Even more encouraging is how community-level emergency response measures are being leveraged to serve longer-term goals in children's education, nutrition and other key areas. As floodwaters recede, and families start to return to their villages, and UNICEF works with partners to restore essential services, they are finding ways to build back better.
While rehabilitating flood-damaged water systems, for example, UNICEF and partners are also installing new boreholes in areas where safe water had long been inaccessible. While rehabilitating health facilities, teams are also looking to turn emergency health camps into permanent, functioning facilities — bringing health care to areas where seeing a doctor had been a rare luxury.
How UNICEF's emergency response serves longer-term goals — and gains — for children
Education is another area where services are reaching some for the first time. After the floods, UNICEF set up over 860 temporary learning centers — or TLCs for short — reaching tens of thousands of children. Many of those reached had never attended school before, Fadil noted.
Some TLCs are mobile, and are bringing education to children in areas where formal schooling didn't exist.
"We're experimenting with mobile schools that are on the back of a motorcycle, that go into the community and stay open for, say, three hours," Fadil said. "We're bringing education closer" to families, he said.
To increase attendance and improve retention rates, UNICEF is also looking into having meals provided, by a partner agency or perhaps by local small businesses. Poor families in Pakistan are more likely to send children to work than to school, but if schools were to provide food, that could change, Fadil said.
UNICEF's role is often that of facilitator — working with partners including other UN agencies to develop and help implement complementary interventions; training local people to be teachers and health care workers; providing the resources and support a community needs to take over managing the local water system, or to run a local school meal program.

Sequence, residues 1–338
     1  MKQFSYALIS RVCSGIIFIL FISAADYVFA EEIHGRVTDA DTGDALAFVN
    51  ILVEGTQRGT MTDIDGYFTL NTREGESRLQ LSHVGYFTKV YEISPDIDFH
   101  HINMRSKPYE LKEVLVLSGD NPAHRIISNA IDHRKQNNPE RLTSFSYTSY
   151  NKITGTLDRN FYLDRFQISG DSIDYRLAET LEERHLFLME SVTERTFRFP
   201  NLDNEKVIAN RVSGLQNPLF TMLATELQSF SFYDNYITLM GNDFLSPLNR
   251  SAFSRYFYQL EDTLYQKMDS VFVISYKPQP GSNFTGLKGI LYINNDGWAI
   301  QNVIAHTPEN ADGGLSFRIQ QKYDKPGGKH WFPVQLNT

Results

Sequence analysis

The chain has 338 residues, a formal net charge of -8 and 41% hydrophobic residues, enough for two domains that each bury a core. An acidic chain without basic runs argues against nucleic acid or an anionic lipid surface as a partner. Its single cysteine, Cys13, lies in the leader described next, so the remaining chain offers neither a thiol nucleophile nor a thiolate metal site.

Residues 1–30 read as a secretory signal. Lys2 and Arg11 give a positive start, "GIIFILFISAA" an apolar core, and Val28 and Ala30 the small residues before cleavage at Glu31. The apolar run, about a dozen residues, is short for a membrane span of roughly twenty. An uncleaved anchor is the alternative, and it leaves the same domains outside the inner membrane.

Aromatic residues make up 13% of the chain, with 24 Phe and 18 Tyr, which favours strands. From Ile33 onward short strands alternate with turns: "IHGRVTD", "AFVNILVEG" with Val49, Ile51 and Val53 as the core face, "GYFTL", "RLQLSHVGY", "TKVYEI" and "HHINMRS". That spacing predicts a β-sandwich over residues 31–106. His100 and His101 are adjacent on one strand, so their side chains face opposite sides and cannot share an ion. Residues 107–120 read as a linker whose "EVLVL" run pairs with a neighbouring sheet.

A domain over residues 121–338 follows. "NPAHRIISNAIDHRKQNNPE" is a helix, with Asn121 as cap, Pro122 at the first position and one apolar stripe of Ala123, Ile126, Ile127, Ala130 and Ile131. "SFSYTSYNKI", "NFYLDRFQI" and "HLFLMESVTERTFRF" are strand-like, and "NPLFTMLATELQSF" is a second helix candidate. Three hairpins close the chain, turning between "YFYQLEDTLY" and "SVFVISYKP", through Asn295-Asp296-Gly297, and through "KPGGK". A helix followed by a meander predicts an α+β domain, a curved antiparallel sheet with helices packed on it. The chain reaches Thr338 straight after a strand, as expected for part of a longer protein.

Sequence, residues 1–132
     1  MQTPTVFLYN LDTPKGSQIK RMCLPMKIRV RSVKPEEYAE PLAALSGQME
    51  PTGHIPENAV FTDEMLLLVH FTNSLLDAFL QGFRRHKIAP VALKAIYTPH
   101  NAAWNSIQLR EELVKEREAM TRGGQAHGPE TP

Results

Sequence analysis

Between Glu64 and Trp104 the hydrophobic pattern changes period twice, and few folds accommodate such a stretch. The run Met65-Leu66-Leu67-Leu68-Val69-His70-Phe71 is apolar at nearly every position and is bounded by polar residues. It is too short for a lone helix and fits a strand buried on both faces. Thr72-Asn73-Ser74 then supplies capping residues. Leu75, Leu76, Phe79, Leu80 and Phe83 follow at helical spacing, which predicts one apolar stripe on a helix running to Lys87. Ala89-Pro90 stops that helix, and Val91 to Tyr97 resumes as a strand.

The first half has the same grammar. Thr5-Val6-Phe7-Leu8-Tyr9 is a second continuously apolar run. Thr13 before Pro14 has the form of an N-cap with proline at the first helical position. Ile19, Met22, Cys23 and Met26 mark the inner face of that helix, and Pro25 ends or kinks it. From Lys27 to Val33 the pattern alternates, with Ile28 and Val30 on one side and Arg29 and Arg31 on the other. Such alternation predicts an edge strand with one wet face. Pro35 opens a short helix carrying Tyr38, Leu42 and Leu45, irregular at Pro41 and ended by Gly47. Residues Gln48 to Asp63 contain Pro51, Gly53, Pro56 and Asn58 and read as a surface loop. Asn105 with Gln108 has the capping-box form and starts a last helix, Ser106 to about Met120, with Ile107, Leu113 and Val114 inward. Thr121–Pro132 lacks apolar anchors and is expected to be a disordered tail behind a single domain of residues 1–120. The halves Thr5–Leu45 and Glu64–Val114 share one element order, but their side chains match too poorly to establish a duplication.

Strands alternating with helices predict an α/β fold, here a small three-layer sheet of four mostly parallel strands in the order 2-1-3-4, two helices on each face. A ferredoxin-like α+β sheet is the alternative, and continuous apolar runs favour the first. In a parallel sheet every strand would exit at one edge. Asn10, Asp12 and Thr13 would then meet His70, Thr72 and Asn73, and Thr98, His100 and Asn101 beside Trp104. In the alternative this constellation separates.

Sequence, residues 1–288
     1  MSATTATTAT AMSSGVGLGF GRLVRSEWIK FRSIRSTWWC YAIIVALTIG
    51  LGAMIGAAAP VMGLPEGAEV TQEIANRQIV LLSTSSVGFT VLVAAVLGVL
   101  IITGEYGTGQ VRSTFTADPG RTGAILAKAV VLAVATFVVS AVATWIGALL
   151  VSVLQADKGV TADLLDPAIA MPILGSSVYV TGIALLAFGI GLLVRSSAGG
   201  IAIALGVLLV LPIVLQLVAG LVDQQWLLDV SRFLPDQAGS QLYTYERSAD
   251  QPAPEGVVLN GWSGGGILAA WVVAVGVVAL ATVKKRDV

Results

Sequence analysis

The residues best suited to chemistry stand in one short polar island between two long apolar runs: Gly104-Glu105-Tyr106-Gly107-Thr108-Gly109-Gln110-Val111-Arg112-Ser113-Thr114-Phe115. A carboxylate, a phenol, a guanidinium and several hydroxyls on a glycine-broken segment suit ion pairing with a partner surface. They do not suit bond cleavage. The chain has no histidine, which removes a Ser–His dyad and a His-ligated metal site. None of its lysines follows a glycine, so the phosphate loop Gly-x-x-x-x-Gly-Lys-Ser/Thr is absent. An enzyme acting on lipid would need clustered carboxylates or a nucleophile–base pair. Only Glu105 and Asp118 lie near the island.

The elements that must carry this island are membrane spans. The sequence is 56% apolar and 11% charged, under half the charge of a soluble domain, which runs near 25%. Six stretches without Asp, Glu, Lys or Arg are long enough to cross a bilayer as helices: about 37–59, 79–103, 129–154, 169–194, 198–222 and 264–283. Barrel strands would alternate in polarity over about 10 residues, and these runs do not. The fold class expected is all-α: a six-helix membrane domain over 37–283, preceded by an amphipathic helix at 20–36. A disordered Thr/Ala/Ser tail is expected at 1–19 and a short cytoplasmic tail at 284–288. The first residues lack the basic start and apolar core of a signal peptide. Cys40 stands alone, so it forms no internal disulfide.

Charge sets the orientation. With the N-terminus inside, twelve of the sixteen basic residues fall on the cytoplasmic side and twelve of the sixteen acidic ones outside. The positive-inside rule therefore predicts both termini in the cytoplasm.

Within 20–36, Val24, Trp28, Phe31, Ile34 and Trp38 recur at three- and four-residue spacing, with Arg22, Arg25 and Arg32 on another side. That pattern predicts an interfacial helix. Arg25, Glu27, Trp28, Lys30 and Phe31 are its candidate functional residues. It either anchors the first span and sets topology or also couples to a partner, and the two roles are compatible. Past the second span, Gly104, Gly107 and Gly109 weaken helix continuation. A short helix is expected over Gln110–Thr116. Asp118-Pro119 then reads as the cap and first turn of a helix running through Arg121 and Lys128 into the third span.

"When we talk about community resilience, this is what we are talking about," Fadil said. "These are the investments that need to be made."
Fadil emphasized another point in his interview with UNICEF USA: that what is good for the future of Pakistan, is also good for the world. For starters, Pakistan is the fifth most populous country, neighboring the first and second most populous countries, China and India — a combined population of 3 billion people. All three are nuclear power countries. Then there's the longstanding conflict between India and Pakistan. Afghanistan is another neighbor, as is Iran.
"It's a volatile region," Fadil said. "Geopolitically, Pakistan is important. Stabilizing Pakistan — meeting children's needs and stablizing families and communities — is important."
Pakistan floods a sign of more climate disasters to come
At this week's Geneva briefing, Fadil stressed UNICEF's need for flexible funding — unrestricted contributions from donors — in order to "double our efforts today" and to make long-term investments in Pakistan that address "persistent inequities that girls and boys have faced for far too long."
For Pakistan — a known climate hot spot — it is not a question of whether another large-scale climate disaster will strike, he said, but when.
Help UNICEF deliver emergency support to vulnerable children and families in Pakistan — and help flood-affected communities build back better. Your support can help advance this important work. Donate today.
Top photo: UNICEF Communication Officer Moeed Hussain gives blankets to a family during UNICEF’s winter kit distribution in Zangi Brohi Village, Dadu District, Sindh Province, Pakistan. © UNICEF/UN0761230/Butt